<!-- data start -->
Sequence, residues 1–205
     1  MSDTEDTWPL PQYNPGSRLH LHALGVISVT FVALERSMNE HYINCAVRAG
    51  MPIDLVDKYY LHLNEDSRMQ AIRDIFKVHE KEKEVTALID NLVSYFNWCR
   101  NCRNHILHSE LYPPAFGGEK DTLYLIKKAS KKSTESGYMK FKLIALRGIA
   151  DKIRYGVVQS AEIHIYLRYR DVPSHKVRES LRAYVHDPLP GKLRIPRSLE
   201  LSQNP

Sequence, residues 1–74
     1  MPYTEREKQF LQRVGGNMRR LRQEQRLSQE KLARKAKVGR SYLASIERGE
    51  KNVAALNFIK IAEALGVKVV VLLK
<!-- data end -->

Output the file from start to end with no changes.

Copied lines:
Sequence, residues 1–205
     1  MSDTEDTWPL PQYNPGSRLH LHALGVISVT FVALERSMNE HYINCAVRAG
    51  MPIDLVDKYY LHLNEDSRMQ AIRDIFKVHE KEKEVTALID NLVSYFNWCR
   101  NCRNHILHSE LYPPAFGGEK DTLYLIKKAS KKSTESGYMK FKLIALRGIA
   151  DKIRYGVVQS AEIHIYLRYR DVPSHKVRES LRAYVHDPLP GKLRIPRSLE
   201  LSQNP

Sequence, residues 1–74
     1  MPYTEREKQF LQRVGGNMRR LRQEQRLSQE KLARKAKVGR SYLASIERGE
    51  KNVAALNFIK IAEALGVKVV VLLK